Sylvester J. Meyers1959–1961ditto
Frank LeRoux1961–1966Foreign Agricultural Service
James A. Hutchins, Jr.1966–1967, 1968–1969ditto
George Parks1967–1968ditto
Clifford Pulvermacher1969–1972Export Marketing Service
Laurel Meade1972–1974ditto
George S. Shanklin1974Foreign Agricultural Service
James Hutchinson1974–1977ditto
Kelly Harrison1977–1981ditto
Alan Tracy1981–1982ditto
Melvin Sims1982–1989ditto
F. Paul Dickerson1989–1991ditto
Christopher E. Goldthwait1991–1993, 1993–1999ditto
Richard Fritz1999–2001ditto
Mary T. Chambliss2001ditto
Franklin D. Lee2001–2002ditto
W. Kirk Miller2002–2009ditto
Patricia R. Sheikh2009ditto
John D. Brewer2009ditto
Christian Foster2010ditto
Janet A. Nuzum2010–2011ditto
Suzanne E. Heinen2011–2013ditto
Philip C. Karsting2013–2014ditto
Asif J. Chaudhry2014–2015ditto
Suzanne Palmieri2015–2016ditto
Allison Thomas2016–2017ditto
Bryce Quick2017ditto
Bobby Richey2018ditto
Clay Hamilton2018–presentditto

Heads of International Development

Administrators of the Office of International Cooperation and Development and its predecessors from creation until it was merged with FAS in 1994 were (periods as acting Administrator are in italics):

Name Term Agency
Matthew Drosdoff1964–1966International Agricultural Development Service
Lester R. Brown1966–1969ditto
Quentin West1969–1972Foreign Economic Development Service
Quentin West1972–1977Foreign Development Division, Economic Research Service
Quentin West1977–1980Office of International Cooperation and Development
Ruth Zagorin1980–1981ditto
Joan S. Wallace1981–1989ditto
Robert Scherle1989–1990ditto
Steve Abrams1990ditto
Duane Acker1990–1992ditto
John Miranda1992–1993ditto
Lynnett M. Wagner1993–1994ditto


Agricultural officers who have served or are serving as Ambassadors are:

Name Agricultural Posts Ambassadorships, Presidential Appointments, Significant Appointments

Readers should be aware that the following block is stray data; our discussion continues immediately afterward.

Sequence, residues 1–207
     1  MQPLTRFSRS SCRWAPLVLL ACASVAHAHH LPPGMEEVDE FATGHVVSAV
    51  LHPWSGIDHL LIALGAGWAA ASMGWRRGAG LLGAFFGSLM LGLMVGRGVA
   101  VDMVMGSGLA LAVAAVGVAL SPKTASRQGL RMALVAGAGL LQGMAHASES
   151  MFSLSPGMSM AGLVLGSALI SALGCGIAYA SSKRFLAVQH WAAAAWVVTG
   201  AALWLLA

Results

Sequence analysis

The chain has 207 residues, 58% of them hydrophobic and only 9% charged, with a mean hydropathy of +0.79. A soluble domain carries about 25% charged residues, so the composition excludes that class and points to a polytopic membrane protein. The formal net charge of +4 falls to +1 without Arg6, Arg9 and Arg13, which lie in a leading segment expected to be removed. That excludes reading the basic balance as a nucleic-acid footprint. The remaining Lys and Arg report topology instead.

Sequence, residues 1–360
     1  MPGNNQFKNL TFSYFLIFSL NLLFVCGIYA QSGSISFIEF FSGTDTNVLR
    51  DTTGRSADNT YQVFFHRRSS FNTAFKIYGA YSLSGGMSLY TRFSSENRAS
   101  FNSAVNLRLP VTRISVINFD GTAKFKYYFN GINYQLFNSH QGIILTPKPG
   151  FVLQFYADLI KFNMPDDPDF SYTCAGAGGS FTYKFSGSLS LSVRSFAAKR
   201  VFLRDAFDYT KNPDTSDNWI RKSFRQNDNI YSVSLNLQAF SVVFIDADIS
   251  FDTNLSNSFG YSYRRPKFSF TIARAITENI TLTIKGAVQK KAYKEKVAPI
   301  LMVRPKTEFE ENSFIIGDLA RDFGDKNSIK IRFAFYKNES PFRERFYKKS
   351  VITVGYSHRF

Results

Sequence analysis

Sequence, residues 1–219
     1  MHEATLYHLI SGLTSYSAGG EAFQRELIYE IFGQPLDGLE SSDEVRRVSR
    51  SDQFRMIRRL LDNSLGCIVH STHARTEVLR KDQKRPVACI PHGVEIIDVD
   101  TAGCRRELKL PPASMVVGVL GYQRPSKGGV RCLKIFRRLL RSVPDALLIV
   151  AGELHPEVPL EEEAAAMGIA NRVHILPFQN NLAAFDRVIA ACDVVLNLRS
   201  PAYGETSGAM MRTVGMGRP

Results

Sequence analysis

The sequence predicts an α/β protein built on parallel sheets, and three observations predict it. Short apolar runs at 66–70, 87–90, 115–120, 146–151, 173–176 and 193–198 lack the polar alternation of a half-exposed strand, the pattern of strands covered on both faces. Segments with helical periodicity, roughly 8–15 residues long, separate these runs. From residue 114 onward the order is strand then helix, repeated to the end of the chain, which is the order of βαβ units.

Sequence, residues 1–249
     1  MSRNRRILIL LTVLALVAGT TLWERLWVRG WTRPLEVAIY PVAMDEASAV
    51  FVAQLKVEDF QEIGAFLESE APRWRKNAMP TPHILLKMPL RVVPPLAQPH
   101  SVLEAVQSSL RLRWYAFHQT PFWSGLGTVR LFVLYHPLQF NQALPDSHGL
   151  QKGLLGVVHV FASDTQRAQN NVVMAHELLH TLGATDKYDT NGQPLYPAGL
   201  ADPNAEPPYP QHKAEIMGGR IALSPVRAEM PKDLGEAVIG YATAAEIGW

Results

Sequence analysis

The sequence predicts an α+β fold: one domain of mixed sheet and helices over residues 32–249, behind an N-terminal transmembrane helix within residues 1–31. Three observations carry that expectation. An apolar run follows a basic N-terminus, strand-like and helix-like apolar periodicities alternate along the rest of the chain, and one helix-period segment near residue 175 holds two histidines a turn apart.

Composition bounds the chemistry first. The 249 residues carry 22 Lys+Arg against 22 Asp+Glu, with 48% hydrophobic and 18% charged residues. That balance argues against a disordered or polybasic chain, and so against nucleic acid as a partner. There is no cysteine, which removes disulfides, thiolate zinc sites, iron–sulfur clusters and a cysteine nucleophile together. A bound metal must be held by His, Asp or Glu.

Lester D. Malloryassistant agricultural commissioner, Marseille and Paris; agricultural attaché, Paris and Mexico CityJordan, 1953–1958, Guatemala, 1958–1959, Deputy Assistant Secretary of State, 1960
Charles R. Burrowsassistant agricultural attaché (rank of vice consul), Buenos AiresHonduras, 1960–1965
Howard R. Cottamagricultural economist, Paris; agricultural attaché, RomeKuwait, 1963–1969
Clarence A. Boonstraassistant agricultural attaché, Havana; agricultural attaché, Manila, Buenos Aires, Rio de Janeiro and LimaCosta Rica, 1967–1969
Philip Habibagricultural attaché (vice consul), Ottawa and WellingtonSouth Korea 1971–1974; Assistant Secretary of State for East Asian and Pacific Affairs 1974–1976; Under Secretary of State for Political Affairs 1976–1978; Acting Secretary of State 1977; Special Negotiator for the Middle East 1981; winner of the Presidential Medal of Freedom 1982; featured on a postage stamp 2006
H. Reiter Webbassistant agricultural attaché, London; agricultural attaché, CairoChief Negotiator for Textile Matters with rank of Ambassador 1979–1981 (not confirmed by the Senate)
George S. Vestagricultural attaché (vice consul), QuitoEuropean Community 1981–1985, Director General of the Foreign Service 1985–1989
Christopher E. Goldthwaitassistant agricultural attaché, Bonn; agricultural attaché and counselor at LagosChad 1999–2004